Lukashenka Receives an Invitation to Brussels – Grigory Ioffe analyses the media reaction to the fact that Brussels extended an invitation to Alexander Lukashenka to participate in the 25 November summit of the EU’s Eastern Partnership (EaP). The experts believe that in any case, there is a chance the EU initiative may start a new chapter in Europe’s relationship with Belarus.
Lukashenka, For the First Time, Formally Invited to the EaP Summit – Sources report, that the EU extended a formal invitation to Aliaksandr Lukashenka to attend the Eastern Partnership Summit in Brussels on 24 November. Jury Drakachrust ponders upon reasons and consequences of the invitation, while Dzianis Mieljancoŭ analyses benefits of the Summit for Lukashenka. TUT.by interviews experts to identify scenarios of Lukashenka’s participation in Brussels.
Minsk Dialogue: Prospects of EaP Ahead of the Brussels Summit – Minsk Dialogue presents a report based on an expert discussion before the Future of Eastern Partnership conference that took place on 7 September 2017. The report provides an overview of the history of EaP, analyses positions of key stakeholders and provides for scenarios of EaP future and its meaning for Belarus.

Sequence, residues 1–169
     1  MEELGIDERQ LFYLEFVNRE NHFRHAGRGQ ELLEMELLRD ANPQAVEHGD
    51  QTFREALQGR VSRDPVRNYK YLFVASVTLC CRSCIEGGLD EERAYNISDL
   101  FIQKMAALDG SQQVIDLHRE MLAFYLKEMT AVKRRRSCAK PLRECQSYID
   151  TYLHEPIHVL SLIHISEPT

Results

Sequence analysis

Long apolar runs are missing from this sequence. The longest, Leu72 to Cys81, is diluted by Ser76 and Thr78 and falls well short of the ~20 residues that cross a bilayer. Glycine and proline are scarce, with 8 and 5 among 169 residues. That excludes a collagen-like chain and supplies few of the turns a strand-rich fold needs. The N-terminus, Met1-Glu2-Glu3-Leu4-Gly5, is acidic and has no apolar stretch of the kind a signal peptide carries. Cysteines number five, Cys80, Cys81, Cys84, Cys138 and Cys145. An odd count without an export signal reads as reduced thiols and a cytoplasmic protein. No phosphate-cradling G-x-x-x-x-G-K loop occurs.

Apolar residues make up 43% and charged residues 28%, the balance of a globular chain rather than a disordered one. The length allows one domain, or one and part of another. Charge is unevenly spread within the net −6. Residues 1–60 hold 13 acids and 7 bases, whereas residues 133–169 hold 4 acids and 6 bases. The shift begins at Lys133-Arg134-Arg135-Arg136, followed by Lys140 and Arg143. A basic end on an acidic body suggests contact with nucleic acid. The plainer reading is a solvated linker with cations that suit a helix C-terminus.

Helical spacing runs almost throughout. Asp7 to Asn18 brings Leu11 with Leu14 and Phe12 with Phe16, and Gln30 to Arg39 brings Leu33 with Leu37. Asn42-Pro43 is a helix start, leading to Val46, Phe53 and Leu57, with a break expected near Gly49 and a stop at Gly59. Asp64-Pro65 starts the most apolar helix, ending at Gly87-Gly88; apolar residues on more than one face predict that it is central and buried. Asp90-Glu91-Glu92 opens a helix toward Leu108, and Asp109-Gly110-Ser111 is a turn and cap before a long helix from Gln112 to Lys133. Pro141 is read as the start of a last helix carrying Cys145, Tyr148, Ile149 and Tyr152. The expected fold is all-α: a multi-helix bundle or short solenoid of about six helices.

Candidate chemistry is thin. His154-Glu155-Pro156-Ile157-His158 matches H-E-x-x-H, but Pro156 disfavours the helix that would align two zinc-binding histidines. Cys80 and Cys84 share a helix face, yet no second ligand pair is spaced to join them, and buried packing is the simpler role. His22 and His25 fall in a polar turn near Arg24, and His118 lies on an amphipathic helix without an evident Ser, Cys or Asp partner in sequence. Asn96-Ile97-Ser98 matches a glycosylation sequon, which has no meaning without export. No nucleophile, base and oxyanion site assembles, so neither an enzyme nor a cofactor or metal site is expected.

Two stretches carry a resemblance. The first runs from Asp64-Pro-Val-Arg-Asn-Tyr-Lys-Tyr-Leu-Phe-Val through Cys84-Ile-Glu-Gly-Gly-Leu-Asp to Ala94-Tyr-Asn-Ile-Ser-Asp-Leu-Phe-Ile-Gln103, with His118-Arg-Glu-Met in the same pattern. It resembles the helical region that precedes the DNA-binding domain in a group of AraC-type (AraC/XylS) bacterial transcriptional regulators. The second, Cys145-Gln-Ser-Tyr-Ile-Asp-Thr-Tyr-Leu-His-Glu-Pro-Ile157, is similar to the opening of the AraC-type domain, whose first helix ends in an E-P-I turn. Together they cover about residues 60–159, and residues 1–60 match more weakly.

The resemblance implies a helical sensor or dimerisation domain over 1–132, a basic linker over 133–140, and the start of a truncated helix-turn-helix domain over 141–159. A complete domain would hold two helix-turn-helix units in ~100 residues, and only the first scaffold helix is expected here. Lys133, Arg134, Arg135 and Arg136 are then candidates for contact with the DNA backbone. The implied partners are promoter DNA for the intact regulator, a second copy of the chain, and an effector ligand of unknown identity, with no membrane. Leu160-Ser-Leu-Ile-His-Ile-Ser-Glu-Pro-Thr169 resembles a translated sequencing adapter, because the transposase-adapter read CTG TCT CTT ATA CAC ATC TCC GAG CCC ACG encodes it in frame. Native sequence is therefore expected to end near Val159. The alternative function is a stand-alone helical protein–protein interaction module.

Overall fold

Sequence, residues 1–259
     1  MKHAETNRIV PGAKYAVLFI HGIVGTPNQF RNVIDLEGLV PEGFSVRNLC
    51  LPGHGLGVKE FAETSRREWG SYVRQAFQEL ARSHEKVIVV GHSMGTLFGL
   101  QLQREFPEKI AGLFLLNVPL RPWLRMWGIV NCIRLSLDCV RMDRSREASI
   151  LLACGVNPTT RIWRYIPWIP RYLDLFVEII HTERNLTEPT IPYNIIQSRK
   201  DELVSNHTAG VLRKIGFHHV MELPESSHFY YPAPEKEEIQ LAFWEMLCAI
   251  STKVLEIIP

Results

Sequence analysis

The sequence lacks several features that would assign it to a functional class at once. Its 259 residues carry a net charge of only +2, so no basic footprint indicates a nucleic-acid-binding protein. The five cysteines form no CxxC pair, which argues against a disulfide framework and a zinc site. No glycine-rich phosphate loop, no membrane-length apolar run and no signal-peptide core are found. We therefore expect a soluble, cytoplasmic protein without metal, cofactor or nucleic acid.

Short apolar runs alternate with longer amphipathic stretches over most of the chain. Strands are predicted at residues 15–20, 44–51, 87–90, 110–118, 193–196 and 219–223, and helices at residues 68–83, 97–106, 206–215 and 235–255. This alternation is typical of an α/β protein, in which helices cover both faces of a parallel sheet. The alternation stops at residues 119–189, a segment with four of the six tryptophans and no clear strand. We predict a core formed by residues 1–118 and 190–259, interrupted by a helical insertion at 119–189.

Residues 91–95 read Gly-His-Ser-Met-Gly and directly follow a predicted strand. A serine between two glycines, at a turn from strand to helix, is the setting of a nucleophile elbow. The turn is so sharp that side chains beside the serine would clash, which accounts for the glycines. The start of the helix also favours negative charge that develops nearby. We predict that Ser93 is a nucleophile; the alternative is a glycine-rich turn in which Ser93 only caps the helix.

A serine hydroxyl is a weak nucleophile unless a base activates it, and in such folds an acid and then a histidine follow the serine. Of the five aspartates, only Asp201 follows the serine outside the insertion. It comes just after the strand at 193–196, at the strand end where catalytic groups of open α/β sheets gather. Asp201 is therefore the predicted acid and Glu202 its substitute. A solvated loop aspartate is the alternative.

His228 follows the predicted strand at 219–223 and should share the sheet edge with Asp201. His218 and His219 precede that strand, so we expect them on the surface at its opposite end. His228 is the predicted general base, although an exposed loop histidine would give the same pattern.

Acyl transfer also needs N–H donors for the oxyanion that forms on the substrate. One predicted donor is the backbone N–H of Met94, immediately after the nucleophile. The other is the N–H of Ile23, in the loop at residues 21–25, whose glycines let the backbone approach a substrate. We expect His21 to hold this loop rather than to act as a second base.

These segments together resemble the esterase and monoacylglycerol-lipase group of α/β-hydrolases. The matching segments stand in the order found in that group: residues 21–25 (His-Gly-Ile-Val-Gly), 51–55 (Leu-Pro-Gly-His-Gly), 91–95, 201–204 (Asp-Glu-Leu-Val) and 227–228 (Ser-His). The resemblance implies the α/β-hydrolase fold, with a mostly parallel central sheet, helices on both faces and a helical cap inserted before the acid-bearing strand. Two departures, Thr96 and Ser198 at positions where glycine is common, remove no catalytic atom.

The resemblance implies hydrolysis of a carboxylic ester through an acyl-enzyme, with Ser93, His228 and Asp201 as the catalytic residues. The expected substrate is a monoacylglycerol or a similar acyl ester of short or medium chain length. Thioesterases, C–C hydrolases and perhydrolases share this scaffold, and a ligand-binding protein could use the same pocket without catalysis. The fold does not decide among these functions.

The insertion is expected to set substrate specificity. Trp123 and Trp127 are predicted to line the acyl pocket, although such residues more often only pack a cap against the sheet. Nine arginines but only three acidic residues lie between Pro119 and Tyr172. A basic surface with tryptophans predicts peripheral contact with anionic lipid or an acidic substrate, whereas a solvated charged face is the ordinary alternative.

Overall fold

Minsk Is Trying to Establish Itself as an Equal Subject in Security Matters – Belarus Security Blog argues that Belarus is working hard to establish itself as an independent actor in regional security matters, despite scepticism from the West and Ukraine. Strengthening of security-related ties with China is deemed to be evidence of that.
Zapad 2017: Did Belarus Lose the Information War? – Dzianis Mieljancoŭ, Minsk Dialogue, analyses the materials of the Western media and debunks the assertion of some Belarusian analysts and journalists about the ‘lost information war’. In particular, a statement that Belarus’ participation in joint military exercises with Russia had a negative impact on the international image of Belarus is not supported by the facts.
What Are the Limits to Belarus’s Sovereignty? – Grigory Ioffe sums up a wide-ranging debate about the nature and geopolitical realities of Belarusian statehood and independence inspired by the joint Russian-Belarusian Zapad 2017 war games. The analyst also mentions two facts – the Catholic conference in Minsk and registration of the Albaruthenia University office – that seemingly extend the limits of Belarus’s sovereignty.
“Because I Decided So.” Rules Underlying the Decisions in the Belarusian Economy – Kiryl Rudy, former assistant to the president for Economic Affairs, explains what social characteristics can change the rules of behavior in the economy, form a community, a risk appetite, long-term planning, switch on rational laws and lead the economy to a global highway of ‘one hundred years growth’. The article is timed to KEF 2017.